Here's the most contrarian thing you'll read all day: Chris Packham, a BBC wildlife expert, suggests that giant pandas should be allowed to shuffle off their adorable mortal coil and go extinct. Seriously. After all, he argues, we're spending millions of dollars trying to persuade them to breed in captivity, but the stark reality is that pandas aren't a hardy species—they've "gone down an evolutionary cul-de-sac"—and perhaps those millions would be better spent on other, less futile, conservation projects.
Well, that's wretched, although there are maybe a few grains of validity here. It's true that our efforts to save endangered species tend to place too much emphasis on charismatic megafauna like pandas and bald eagles and sea turtles, while homelier strains of beetle or mussel get little love, even if they're often more crucial to their broader habitats. On the other hand, conservation isn't purely a zero-sum game. The panda's spectacularly cute and incredibly popular, and it's not like the World Wildlife Federation could fund-raise just as much money with pleas to save the pink-tailed worm lizard. (Plus, as Jen Phillips points out, the panda brand provides a lot of economic value to China.) Is it really so wrong that we're not icily rational about this issue?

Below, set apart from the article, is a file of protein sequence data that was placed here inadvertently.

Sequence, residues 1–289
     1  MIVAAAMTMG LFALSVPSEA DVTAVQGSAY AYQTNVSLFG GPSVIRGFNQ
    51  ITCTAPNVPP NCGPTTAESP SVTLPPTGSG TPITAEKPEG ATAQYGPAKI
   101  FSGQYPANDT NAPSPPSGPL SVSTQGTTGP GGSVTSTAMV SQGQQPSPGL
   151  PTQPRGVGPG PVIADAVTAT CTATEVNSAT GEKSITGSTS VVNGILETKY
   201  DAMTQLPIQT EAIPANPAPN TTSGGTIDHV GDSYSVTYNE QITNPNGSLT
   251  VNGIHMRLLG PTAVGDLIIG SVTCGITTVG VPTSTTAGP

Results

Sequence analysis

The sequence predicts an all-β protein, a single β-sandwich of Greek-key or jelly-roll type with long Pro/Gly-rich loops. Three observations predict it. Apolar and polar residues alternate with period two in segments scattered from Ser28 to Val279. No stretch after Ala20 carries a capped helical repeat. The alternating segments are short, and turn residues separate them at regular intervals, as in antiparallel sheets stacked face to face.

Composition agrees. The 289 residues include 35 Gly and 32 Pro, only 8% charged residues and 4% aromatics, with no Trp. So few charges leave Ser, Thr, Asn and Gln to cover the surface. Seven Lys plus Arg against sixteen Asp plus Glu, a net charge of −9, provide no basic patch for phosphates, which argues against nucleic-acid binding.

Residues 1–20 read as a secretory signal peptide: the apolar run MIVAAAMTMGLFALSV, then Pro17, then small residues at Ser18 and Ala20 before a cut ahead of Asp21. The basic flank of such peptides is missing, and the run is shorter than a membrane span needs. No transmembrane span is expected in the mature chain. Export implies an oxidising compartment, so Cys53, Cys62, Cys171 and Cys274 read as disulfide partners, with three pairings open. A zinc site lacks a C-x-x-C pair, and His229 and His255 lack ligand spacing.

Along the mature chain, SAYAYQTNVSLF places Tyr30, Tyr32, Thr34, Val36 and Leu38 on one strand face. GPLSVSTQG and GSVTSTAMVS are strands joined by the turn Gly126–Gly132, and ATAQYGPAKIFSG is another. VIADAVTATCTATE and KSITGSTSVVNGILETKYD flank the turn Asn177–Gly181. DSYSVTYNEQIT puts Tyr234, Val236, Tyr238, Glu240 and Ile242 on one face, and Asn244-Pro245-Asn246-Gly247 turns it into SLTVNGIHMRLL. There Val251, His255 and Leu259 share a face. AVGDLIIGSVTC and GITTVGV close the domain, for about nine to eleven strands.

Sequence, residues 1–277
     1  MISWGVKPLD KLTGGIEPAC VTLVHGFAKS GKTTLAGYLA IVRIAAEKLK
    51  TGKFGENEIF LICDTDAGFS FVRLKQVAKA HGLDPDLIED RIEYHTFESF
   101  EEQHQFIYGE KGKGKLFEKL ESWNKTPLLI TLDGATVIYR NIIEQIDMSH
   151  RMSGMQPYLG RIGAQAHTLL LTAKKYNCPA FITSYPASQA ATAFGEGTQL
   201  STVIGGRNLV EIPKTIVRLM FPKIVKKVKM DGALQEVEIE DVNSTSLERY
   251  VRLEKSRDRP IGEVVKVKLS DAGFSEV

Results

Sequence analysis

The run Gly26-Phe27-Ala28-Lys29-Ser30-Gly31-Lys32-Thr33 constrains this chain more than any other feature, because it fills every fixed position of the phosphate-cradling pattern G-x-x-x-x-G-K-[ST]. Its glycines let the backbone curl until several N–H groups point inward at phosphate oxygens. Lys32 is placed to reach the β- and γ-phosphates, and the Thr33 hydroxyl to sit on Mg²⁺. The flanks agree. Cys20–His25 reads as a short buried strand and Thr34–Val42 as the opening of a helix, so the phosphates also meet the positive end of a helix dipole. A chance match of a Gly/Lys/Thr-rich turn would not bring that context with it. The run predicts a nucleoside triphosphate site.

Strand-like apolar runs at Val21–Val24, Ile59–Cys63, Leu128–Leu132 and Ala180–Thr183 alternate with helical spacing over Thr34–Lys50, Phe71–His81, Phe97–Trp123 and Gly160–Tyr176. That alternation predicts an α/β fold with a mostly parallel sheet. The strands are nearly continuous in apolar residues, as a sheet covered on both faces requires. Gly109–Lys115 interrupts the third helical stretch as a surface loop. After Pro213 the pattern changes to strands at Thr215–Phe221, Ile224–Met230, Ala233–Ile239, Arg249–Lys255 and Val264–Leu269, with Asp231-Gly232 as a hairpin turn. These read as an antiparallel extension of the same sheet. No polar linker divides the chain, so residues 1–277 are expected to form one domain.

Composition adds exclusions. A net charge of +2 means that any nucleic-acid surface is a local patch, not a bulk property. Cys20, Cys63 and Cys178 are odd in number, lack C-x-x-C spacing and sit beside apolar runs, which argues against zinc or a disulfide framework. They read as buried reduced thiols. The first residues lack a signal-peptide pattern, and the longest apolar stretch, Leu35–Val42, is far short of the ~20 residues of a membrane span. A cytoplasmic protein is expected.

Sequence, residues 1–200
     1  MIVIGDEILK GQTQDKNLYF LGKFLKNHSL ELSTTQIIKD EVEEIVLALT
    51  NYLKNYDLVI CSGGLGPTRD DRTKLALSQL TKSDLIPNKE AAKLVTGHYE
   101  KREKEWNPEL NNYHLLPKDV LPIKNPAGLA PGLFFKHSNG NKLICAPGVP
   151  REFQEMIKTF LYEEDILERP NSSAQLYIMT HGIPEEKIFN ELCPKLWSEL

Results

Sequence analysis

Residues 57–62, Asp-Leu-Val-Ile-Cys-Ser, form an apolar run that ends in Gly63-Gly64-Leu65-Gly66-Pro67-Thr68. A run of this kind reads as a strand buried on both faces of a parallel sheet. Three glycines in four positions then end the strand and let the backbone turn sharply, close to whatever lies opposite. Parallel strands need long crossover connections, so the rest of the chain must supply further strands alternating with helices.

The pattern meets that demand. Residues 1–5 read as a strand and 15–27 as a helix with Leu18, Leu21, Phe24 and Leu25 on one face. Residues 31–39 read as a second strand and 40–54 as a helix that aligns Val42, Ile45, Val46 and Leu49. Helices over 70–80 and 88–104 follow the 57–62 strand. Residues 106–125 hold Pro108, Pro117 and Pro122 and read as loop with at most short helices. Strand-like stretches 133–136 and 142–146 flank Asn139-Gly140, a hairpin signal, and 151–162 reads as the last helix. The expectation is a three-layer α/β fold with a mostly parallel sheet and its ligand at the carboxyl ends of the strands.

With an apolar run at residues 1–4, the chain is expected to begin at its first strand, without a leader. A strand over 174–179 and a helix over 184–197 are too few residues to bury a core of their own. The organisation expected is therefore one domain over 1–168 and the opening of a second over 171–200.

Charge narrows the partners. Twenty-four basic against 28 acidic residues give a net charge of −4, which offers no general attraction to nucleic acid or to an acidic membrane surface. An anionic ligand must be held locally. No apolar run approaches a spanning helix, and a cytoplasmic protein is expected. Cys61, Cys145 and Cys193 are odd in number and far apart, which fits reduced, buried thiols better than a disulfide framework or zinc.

Packham does make one fair point, though. The WWF has, over the years, been breeding giant pandas in captivity to boost their numbers, but, in the meantime, the panda's bamboo-rich habitat in China has been razed by logging and mining. That means there are fewer places to release them back into the wild. In hindsight, it might've been wiser for conservationists to buy up and protect all that land, rather than focus just on the species. As it happens, the Obama administration is pondering a similar shift in the U.S. government's endangered-species approach: listing dozens of species in an ecosystem at once and then protecting the whole area, rather than just focusing on a few plants and animals in isolation.